Tax tips you need to know

16) Get a head start for next year

Start integrating your personal and corporate planning, structuring yourself properly and investigating income-splitting opportunities. Prepare a tax calendar (see www.dubeaccountants.com) to meet deadlines and avoid penalties, pay tax instalments on time, and put a system in place such as www.accountantinabox.ca to manage your investments.

17) File a 1040 NR U.S. Non-resident Alien Income Tax Return before April 15

The normal due date for the return is April 15th, but Canadians can get an automatic extension to file the tax return to June 15th. But, any tax owing is still due April 15th.

18) Ensure you have a U.S. Tax Identification Number (ITIN)

If you do not have an ITIN you can apply for one with the tax return. If the property is jointly owned, each spouse or owner must file his or her own U.S. tax return.

19) Decide how to treat your rental income

In most circumstances, taxpayers elect to treat the income from the rental property as "effectively connected" income to the United States. This will tax the rental income on a net basis at the U.S graduated tax rates. If you do not make this election, the tax will be 30% of the gross rent. Ouch! The rental income and all related expenses are reported on Schedule E of the tax return.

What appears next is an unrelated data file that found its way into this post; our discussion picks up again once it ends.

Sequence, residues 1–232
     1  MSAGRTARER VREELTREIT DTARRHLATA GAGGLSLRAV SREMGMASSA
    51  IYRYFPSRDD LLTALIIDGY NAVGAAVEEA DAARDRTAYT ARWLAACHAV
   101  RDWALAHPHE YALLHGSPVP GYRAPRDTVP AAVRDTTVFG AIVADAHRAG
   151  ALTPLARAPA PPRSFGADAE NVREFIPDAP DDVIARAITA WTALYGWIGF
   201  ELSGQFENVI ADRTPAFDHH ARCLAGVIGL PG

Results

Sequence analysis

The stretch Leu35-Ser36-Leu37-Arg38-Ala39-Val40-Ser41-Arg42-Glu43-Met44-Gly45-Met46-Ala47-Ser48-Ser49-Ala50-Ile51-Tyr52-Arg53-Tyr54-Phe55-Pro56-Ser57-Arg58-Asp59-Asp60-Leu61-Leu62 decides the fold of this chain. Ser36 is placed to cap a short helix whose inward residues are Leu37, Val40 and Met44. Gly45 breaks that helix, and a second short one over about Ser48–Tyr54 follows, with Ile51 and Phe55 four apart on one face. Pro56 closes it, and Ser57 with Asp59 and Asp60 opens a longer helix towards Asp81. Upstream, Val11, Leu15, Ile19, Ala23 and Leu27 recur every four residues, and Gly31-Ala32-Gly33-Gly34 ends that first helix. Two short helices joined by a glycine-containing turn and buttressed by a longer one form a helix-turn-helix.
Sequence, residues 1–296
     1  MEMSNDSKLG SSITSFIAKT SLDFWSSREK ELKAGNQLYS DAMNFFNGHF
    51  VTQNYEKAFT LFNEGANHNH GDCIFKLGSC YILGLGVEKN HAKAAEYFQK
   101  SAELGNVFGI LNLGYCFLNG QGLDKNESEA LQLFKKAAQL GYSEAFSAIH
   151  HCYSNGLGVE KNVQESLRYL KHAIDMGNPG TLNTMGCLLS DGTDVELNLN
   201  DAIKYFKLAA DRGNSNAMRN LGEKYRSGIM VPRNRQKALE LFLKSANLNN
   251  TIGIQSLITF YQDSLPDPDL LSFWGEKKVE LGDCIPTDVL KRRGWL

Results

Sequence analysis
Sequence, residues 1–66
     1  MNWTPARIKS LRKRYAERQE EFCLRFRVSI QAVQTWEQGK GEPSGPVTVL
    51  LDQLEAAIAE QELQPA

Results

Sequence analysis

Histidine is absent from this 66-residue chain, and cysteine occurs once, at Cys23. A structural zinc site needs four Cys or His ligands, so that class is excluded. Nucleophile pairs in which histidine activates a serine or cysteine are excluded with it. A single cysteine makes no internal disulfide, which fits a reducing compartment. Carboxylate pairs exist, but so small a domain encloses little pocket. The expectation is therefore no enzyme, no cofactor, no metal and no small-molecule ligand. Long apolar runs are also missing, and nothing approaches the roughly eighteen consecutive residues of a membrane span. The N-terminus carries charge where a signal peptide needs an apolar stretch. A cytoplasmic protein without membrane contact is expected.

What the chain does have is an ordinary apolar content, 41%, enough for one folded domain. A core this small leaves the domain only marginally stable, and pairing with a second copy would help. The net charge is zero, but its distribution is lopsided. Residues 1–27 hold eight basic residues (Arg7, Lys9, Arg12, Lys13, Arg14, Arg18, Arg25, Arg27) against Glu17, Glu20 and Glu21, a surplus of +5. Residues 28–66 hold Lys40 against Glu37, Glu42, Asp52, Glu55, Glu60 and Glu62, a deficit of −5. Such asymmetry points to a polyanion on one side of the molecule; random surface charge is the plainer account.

20) Ensure you get an accurate and up-to-date depreciation schedule

Unlike Canada, annual depreciation of the property and all other capital assets is mandatory. Depreciation is calculated using the Modified Accelerated Cost Recovery System.

20) Ensure you get an accurate and up-todate depreciation schedule

Unlike Canada, annual depreciation of the property and all other capital assets is mandatory. Depreciation is calculated using the Modified Accelerated Cost Recovery System.

21) Assess taxable expenses

If the property was also used for personal use, the expenses will be limited to only the percentage of time the property was rented.

22) Net loss can be carried forward to offset future gains

In most cases real estate rentals are consider to be passive investments. If the property is operating at a net loss for tax purposes, the loss will be carried forward to future years to be applied against future income.

23) You may also need to file a state income tax return

24) Beware of capital gains tax when selling

If you sold the property during the year you will need to report any capital gains or losses on Schedule D. Long-term capital gains (property owned more than one year) are taxed federally at a maximum of 15% of the capital gain. Any previously taken depreciation is added to income as a Section 1250 gain. These Section 1250 gains are subject to a higher maximum federal capital gains rate of 25%.

25) Declare income from your U.S. investment when filing your Canadian tax return

You will also need to report the income from the property on your Canadian personal tax return as well. Don't forget to claim a foreign tax credit for any U.S. federal and/or state income taxes paid.

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